Water solutions provider Maskam Water launched the Clarus Fusion sewage treatment system, which substitutes treated water with recycled water for sanitation, industrial or irrigation use, in October.
The decentralised wastewater treatment system, launched at the company’s premises in Brackenfell Industria, in the Western Cape, was manufactured by Maskam Water in joint venture (JV) with licence holder US-based Zoeller Pump Company.
The launch commemorated the success of the JV and the unveiling of the largest unit supplied to the local market, which will treat 15 000 ℓ/d of black or grey water, and serve a community of up to 100 people.
Dignitaries in attendance included Western Cape Agriculture, Economic Development and Tourism Minister Alan Winde and the US consul general Teddy Taylor.
Both stressed the environmental, social and economic benefits of bilateral cooperation between South Africa and the US in their address to the audience, which included local municipal councillors and retired mayors from surrounding municipalities.
Maskam founder and CEO Gerhard Cronje outlined the advantages and differences of decentralised wastewater systems, compared with large conventional systems.
“The traditional approach to treating sewage or wastewater has been through waterborne sewerage systems and large energy-hungry wastewater treatment plants that more often ‘waste’ this valuable resource,” he said.
Cronje highlighted that, as the system is modular, it is easy to expand and simple to install and maintain; it also boasts low energy requirements and the ability to operate on solar power and recycle treated wastewater on site at less than R1.88/kℓ.
The energy requirements are between 60 W for the smallest unit and 340 W for the largest unit.
“This radical, but entirely appropriate solution addresses developing countries’ sanitation needs and, from the first time I was exposed to the Fusion system, I realised that a complete change of mindset was required to solve our pressing sanitation needs in formal, informal and remote rural areas,” he said.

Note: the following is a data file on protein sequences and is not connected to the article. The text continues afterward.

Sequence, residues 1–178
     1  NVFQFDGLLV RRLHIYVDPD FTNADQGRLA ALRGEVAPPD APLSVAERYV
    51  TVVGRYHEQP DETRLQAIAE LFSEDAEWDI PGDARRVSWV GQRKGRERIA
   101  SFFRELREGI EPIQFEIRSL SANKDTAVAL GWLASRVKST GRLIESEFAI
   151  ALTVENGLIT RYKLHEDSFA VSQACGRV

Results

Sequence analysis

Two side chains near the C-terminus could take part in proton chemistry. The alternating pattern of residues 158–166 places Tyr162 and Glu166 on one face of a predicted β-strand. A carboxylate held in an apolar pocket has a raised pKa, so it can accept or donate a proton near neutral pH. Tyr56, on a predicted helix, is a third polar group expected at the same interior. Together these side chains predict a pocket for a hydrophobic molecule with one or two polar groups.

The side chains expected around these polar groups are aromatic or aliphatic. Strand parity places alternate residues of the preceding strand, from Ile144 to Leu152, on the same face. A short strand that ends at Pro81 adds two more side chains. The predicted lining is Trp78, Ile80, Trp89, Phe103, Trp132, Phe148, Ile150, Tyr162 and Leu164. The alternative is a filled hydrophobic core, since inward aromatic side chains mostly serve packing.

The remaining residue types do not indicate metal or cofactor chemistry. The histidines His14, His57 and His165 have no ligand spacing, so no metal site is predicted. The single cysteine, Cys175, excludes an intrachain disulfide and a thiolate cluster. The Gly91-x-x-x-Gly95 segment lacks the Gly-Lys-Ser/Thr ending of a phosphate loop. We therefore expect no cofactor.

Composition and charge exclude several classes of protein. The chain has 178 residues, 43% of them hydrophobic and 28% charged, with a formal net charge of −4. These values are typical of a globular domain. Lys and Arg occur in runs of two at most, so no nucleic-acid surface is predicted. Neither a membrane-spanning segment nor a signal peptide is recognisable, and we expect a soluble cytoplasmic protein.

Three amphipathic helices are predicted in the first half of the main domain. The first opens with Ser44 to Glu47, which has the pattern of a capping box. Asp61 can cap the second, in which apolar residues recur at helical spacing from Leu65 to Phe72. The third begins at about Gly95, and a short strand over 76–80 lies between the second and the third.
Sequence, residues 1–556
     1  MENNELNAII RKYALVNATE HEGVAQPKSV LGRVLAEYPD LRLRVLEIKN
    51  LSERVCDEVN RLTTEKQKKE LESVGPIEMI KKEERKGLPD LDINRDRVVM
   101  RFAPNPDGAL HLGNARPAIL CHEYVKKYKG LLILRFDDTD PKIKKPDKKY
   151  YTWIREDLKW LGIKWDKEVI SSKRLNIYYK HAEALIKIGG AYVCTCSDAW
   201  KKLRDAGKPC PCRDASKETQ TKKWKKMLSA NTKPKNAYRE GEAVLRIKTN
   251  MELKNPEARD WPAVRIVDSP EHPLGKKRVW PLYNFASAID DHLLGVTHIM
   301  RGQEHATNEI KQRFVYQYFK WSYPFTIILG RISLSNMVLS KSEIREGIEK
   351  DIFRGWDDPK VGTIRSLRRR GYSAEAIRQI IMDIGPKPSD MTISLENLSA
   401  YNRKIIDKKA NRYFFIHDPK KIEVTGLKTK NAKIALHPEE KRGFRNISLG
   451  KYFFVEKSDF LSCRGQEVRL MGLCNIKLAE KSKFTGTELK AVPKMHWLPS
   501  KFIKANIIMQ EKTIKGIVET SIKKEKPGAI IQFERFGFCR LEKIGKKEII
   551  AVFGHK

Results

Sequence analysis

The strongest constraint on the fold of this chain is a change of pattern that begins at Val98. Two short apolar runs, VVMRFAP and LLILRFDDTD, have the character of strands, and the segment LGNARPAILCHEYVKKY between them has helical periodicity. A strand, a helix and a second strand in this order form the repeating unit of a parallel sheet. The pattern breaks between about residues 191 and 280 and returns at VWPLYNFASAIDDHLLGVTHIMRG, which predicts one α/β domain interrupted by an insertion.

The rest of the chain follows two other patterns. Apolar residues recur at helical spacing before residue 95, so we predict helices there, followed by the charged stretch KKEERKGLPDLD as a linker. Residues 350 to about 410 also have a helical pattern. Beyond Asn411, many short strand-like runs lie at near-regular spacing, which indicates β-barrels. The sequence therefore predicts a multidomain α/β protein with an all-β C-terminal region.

Cronje added that the conventional approach had been to provide waterborne sanitation through a network of underground piping for a wastewater treatment plant, which then discharged the treated wastewater into rivers and water courses, with a limited amount being used for irrigation or industrial use.
“Many smaller formal communities simply discharge the treated wastewater or raw final effluent into rivers, thereby wasting millions of litres of recyclable water, which is shamefully wasteful amid the current drought.”
Meanwhile, Cronje pointed out that Maskam had achieved 46% local content on the Clarus system and aimed to increase local content to 50% next year. “By adding accessories to the basic concept to cater for local conditions, we have extended the product’s capabilities and applications, and can offer a turnkey solution to customers,” he explained.
The system’s technology also addresses two of the most significant challenges faced by conventional wastewater treatment plants – the lack of maintenance and the shortage of skilled people to do maintenance.
The Clarus system requires sludge removal only once every four to six years, and only one hour of routine maintenance every six months, for which unskilled labour can be used.